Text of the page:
In protest of legal aid cuts, criminal barristers are not taking on new cases at crown courts.
Their action, following a vote by the Criminal Bar Association (CBA), is in support of solicitors who have experienced a 17.5% drop in pay for representing defendants.
Criminal solicitors have been taking action for a number of weeks but have now switched their focus to crown courts, where they will not accept work on new cases at the lower rates.
However, the solicitors have gone back to work in magistrates courts and police stations.
The change is aimed at bolstering the solidarity of the action while providing some income to cash-strapped firms who will now work in the lower courts.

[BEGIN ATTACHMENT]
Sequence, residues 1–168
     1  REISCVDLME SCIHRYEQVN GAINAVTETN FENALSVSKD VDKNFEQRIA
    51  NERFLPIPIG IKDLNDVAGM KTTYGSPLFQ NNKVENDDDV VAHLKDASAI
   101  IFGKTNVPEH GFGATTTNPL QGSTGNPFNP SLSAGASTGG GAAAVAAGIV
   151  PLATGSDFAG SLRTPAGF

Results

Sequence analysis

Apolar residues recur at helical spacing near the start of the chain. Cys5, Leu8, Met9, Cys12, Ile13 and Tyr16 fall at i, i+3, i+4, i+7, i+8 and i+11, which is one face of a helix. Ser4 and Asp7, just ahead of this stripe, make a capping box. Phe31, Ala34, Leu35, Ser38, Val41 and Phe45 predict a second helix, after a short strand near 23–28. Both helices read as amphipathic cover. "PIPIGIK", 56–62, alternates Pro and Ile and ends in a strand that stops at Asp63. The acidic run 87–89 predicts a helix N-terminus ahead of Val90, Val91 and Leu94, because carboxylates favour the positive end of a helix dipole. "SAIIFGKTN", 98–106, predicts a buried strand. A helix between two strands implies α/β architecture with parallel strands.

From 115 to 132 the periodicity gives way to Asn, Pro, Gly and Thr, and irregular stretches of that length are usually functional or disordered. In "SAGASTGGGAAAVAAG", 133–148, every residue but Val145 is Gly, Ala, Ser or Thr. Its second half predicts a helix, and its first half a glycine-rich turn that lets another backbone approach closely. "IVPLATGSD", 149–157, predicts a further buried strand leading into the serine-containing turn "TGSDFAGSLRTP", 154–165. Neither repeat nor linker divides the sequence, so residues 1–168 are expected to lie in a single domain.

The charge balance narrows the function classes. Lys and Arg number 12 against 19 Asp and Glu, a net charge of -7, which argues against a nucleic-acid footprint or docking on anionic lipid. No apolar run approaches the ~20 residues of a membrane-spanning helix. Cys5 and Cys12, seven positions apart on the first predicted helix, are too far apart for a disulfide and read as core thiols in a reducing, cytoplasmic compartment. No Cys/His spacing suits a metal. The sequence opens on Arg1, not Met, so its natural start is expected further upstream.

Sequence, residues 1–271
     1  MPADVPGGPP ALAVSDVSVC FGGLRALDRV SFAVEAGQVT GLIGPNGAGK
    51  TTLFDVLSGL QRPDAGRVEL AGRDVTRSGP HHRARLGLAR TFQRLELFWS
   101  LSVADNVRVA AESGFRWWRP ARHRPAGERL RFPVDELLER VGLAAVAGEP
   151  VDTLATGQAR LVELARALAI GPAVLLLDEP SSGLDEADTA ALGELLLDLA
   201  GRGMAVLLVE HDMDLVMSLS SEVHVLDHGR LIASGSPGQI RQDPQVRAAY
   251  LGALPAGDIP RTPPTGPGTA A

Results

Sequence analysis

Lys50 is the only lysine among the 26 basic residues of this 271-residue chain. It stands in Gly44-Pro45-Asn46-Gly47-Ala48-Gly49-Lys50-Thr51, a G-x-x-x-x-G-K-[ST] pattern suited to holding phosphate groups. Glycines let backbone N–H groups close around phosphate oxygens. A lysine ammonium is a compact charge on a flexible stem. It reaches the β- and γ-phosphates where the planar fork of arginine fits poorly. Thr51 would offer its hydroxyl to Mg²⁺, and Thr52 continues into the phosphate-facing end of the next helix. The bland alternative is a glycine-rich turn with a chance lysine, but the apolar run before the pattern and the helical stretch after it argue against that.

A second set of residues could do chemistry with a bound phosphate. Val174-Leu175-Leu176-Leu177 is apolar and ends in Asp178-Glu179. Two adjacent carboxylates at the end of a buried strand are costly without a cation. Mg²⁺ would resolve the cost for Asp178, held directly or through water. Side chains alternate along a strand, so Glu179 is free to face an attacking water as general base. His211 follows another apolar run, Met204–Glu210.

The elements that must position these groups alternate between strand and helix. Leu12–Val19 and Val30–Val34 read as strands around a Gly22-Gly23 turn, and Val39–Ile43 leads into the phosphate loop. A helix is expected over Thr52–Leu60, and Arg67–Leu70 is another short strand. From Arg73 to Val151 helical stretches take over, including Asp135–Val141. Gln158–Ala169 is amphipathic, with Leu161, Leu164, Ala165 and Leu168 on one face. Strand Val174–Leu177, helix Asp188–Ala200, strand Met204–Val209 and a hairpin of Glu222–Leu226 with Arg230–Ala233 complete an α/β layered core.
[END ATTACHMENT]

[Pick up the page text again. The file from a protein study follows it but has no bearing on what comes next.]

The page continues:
A ballot by the CBA on 15 July saw a narrow majority of 55% in favour of the action.
Those taking part in the protest said steps had been taken to avoid having defendants arrive at court without access to counsel.
The Ministry of Justice (MoJ) has said that the action is not causing widespread disruption. A spokesperson for the MoJ said: “The changes we are making to criminal legal aid are designed to deliver value for money to taxpayers and do not impact on the availability of high quality legal advice to those who need it most.
“Although we recognise that the transition will be challenging for lawyers, these changes will put the profession on a sustainable footing for the long term. We have already pledged that an independent review looking at the impact of the new arrangements will begin in July 2016.”
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